Environmental sustainability: Sustainably sourced biofuels, combined with the introduction of a boiler digital twin that optimises the efficacy of the real-world boiler including its energy use, have successfully reduced the factory’s Scope 1 greenhouse gas emissions by 88%, while also providing local farmers with a profitable use for their agricultural waste. (Scope 1 emissions are those produced directly by Unilever from sources we control or own.)

How we’re upskilling our teams as well as our technology

Factory team members in blue shirts receiving training in 4th Industrial Revolution technologies

“This recognition [as a WEF Lighthouse factory] could not have gone to a more deserving team,” says Jennifer Han, Unilever Chief Product Supply Chain Officer for Nutrition.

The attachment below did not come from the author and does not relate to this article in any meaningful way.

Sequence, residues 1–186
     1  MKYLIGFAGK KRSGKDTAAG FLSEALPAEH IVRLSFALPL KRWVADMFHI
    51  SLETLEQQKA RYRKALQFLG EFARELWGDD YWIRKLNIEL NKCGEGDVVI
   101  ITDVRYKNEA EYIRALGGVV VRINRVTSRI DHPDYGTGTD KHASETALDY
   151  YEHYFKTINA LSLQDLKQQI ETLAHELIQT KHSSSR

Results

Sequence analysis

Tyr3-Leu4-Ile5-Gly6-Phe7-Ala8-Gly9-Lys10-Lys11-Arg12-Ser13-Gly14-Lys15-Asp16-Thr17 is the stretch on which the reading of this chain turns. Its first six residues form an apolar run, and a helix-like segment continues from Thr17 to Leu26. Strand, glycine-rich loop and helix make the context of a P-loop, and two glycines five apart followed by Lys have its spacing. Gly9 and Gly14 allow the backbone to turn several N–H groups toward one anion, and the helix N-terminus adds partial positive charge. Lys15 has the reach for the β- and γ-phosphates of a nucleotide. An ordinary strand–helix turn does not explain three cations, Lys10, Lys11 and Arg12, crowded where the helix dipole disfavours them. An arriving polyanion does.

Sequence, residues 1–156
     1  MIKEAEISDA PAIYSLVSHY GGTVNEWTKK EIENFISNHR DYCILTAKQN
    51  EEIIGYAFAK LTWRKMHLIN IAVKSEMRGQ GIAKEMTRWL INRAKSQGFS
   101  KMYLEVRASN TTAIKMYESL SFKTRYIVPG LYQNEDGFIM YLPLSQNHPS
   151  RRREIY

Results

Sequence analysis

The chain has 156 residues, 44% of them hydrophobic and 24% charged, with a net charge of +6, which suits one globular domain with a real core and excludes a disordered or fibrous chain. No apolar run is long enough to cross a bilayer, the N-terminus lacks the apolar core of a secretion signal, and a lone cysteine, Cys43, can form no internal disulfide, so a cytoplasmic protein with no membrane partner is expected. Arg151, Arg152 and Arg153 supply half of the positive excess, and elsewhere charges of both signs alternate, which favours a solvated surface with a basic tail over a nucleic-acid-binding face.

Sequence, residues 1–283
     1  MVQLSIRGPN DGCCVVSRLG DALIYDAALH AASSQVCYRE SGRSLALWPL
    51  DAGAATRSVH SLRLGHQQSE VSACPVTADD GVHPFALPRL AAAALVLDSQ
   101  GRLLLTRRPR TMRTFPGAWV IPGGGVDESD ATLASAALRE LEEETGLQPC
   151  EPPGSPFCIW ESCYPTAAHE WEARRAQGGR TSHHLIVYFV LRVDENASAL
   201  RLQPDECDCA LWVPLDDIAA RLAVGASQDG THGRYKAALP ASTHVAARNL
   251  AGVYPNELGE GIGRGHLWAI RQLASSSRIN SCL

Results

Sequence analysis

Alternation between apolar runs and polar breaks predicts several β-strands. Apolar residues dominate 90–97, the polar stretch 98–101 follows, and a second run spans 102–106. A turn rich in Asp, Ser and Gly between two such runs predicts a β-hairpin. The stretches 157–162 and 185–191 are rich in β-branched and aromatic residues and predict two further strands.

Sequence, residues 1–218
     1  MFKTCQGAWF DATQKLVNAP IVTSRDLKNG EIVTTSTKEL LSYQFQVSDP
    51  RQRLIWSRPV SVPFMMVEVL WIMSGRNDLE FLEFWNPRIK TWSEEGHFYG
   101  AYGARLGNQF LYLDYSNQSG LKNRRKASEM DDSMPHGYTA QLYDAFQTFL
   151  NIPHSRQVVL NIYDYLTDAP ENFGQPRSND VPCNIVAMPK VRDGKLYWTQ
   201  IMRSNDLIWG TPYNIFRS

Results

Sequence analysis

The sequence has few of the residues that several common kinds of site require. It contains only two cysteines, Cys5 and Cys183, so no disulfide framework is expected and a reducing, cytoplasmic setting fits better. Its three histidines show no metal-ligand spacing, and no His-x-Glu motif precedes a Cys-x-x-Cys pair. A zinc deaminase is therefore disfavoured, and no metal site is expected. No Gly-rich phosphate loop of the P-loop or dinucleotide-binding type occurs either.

“Since starting their digitalisation journey three years ago, they have seamlessly upscaled advanced technology in their operations to become one of the leading factories of the future in our Nutrition business.”

Abhishek Jain, Factory Director at Sonepat, agrees, adding that upgrades of this scale can only really work if they go hand in hand with equally robust team training.

At Sonepat, for example, 100% of the team successfully completed an extensive upskilling programme.

“70% of the learning at our factory happened on the job, 20% through mentoring and coaching and 10% in the classroom,” he says, adding that this included safety focused modules using artificial intelligence and augmented virtual reality HoloLens technology.